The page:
South Africans can help draft the new plan to combat graft

11 June 2017 - 02:00 By Mbongiseni Buthelezi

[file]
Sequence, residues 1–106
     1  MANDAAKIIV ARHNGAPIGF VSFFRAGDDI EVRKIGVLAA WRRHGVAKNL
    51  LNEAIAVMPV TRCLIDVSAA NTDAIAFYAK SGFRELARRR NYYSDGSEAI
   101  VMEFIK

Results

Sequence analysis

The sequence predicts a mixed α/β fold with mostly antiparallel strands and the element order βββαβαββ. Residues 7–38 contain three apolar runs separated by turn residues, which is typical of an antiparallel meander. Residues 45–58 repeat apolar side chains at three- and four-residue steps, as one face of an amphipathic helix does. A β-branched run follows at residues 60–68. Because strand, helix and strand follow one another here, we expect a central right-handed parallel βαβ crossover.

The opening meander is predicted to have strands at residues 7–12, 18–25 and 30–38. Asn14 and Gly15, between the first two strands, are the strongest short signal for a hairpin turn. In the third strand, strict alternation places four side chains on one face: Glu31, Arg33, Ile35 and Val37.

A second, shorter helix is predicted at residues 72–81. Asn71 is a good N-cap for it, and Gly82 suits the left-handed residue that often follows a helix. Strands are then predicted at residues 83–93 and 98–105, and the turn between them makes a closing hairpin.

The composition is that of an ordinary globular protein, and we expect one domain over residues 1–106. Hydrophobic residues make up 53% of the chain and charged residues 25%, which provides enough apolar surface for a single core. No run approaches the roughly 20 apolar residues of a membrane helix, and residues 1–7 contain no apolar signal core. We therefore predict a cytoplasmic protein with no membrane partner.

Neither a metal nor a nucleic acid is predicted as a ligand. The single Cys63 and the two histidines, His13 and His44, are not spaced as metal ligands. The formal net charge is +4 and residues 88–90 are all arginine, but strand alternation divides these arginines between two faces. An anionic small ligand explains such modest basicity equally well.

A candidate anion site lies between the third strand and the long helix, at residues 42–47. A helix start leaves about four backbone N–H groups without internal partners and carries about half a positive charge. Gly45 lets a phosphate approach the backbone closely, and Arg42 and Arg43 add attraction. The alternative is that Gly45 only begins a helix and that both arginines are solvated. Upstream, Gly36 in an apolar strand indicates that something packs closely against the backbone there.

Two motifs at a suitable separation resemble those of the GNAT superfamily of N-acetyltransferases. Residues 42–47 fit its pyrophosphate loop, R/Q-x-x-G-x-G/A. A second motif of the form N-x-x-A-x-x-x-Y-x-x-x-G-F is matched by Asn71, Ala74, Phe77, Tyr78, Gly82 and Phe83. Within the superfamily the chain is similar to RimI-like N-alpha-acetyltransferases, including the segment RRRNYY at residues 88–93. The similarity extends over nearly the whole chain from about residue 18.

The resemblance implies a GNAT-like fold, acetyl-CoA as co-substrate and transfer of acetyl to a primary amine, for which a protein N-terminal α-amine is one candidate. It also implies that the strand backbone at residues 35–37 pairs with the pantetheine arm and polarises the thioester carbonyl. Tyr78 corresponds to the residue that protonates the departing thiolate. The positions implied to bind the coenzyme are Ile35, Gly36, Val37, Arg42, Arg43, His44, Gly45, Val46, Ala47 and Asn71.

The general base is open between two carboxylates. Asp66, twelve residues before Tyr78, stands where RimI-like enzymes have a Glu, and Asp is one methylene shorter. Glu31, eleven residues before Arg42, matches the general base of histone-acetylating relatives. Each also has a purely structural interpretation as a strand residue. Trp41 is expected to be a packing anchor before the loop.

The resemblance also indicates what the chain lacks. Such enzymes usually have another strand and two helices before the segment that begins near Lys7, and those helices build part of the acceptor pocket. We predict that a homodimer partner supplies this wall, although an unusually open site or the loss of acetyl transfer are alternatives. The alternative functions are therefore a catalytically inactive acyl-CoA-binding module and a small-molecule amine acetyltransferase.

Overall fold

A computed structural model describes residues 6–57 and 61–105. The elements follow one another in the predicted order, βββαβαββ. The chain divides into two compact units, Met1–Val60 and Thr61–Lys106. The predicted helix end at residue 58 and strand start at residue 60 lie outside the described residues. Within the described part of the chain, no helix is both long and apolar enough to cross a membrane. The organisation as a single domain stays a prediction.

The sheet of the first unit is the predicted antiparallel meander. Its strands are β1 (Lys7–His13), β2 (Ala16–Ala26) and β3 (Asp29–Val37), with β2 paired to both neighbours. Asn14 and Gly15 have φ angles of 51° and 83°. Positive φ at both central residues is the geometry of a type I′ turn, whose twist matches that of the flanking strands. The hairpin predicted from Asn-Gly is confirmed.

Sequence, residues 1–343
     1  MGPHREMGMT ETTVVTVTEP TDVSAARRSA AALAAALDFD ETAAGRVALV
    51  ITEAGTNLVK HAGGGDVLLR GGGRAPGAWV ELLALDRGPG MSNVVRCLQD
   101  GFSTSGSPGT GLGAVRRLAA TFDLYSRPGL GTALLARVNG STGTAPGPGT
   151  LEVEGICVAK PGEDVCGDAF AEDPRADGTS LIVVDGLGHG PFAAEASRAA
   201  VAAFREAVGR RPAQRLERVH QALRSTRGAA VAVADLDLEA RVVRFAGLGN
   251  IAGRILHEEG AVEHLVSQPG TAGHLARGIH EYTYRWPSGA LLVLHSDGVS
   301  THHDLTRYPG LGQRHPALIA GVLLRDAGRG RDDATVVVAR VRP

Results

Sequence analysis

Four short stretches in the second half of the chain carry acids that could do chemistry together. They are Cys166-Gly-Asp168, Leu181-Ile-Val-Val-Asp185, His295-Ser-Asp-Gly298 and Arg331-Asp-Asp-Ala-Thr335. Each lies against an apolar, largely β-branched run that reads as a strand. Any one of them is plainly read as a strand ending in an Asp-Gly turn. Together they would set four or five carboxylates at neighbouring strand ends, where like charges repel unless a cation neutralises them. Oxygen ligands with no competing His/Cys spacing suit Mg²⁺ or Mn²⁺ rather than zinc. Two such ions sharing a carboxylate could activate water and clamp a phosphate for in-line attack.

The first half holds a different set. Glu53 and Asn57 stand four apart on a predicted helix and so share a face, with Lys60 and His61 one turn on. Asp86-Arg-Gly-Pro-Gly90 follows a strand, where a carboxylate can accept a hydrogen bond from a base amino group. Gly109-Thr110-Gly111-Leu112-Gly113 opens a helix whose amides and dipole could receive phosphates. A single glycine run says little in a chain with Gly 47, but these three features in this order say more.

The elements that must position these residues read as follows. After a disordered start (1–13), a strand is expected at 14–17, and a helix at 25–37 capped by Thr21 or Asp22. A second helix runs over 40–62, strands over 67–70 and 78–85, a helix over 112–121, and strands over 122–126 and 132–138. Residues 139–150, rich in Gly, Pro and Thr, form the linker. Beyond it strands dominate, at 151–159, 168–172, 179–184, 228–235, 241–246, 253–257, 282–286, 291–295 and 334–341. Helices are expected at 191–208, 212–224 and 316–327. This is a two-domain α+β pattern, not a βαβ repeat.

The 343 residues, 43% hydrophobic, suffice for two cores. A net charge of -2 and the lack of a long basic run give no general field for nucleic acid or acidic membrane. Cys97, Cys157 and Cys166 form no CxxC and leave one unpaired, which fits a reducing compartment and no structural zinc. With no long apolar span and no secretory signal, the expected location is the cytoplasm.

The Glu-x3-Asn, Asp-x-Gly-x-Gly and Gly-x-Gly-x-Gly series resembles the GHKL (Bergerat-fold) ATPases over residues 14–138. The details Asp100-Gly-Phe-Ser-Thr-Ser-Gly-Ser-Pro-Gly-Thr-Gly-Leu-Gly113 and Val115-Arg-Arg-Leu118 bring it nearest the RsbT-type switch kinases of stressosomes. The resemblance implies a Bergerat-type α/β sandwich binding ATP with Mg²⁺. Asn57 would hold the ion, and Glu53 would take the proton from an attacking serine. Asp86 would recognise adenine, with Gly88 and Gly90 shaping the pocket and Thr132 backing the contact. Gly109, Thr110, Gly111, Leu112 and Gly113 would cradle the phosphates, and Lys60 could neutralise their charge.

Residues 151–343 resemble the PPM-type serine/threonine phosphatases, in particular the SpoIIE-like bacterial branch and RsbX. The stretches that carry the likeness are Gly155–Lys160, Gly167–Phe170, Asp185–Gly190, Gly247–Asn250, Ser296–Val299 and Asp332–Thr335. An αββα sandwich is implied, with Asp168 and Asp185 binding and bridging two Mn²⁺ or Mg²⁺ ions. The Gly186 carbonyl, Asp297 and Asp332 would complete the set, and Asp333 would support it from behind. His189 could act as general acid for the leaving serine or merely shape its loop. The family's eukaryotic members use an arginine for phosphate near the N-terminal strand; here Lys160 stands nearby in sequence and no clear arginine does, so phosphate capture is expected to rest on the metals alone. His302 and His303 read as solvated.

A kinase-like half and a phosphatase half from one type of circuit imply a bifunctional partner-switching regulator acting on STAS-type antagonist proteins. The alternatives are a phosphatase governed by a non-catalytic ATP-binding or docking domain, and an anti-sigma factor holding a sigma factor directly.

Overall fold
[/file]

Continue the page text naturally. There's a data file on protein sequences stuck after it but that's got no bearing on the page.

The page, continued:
There is a way for ordinary South Africans to join the fight against corruption, writes Mbongiseni ButheleziLast month, Minister in the Presidency Jeff Radebe launched the national anticorruption strategy discussion document.The launch was meant to start a public consultation process that will lead to the development, adoption and implementation of a comprehensive strategy for combating corruption in South Africa.This is an important process that should be taken seriously by all of us — individuals, trade unions, political parties, business, the government itself and especially state employees.The document contains proposals for building a robust anticorruption architecture. It is accompanied by a comprehensive analysis of the current state of anticorruption measures.These documents have been launched into a public space saturated with discussions about corruption.Just two days before the launch, South Africa learnt that Brian Molefe was returning to Eskom as CEO, having left under a cloud related to his dealings with the Gupta brothers.That decision has since been rescinded.It is critical that South Africans get involved in fighting corruption. The mounting number of revelations of how "state capture" has proceeded over the years at various state-owned enterprises has rightly caused great alarm.We also know that the rot is not limited to SOEs.It is in many little things: the issuing of driver's licences and the "cooldrink" money many pay to avoid paying speeding fines.It is in the little sweeteners many of our relatives have had to pay to get registered for social grants, to doctors who certify them incapable of working and to officials who fast-track their registration.It extends right up to mega-tenders in construction and IT in both the public and private sectors.Developing a national anticorruption strategy over the coming months is an opportunity for all of us to contribute to building the country we want when it comes to how law-enforcement agencies investigate and prosecute malfeasance.This includes discussing how the top leadership of institutions is chosen and what role the public should play. Corruption Watch's Bua Mzansi campaign to encourage greater public participation in selecting the public protector last year is a starting point for assessing public involvement.The discussion document proposes that a national anticorruption strategy should be built around nine pillars.One pillar is public awareness and participation in rooting out corrupt activities. Others include building a public service that is professional and insulated from political interference, improving how government wrongdoing is managed, strengthening governance and oversight mechanisms in the government, and creating programmes to reduce corruption in vulnerable sectors, especially justice and crime prevention.The document is intended to start a conversation. The proposals are accompanied by a roadmap for the consultation process and development of the final strategy.But it is concerning that the launch is already well behind the proposed schedule. The document was due to be launched on December 9 2016, but was only launched on May 14 this year. When asked at the launch when the final strategy can be expected, Radebe said August or September.Journalists have rightly been sceptical of this ambitious and costly government project. For it to be effective, there needs to be thorough engagement between the government, business, civil society and ordinary people. The government also needs to commit a substantial budget to it upfront.Unless enough time and money are committed, we are in danger of ending up with another government process that does not get any buy-in from society and another government document that gathers dust on a shelf.The responsibility lies with all South Africans to make sure that a national strategy is developed. This needs to be part of a larger process of reforming the state to make it more capable of serving all of us, especially those who need it the most. We cannot leave the task to the government alone.• Buthelezi is head of research at the Public Affairs Research Institute

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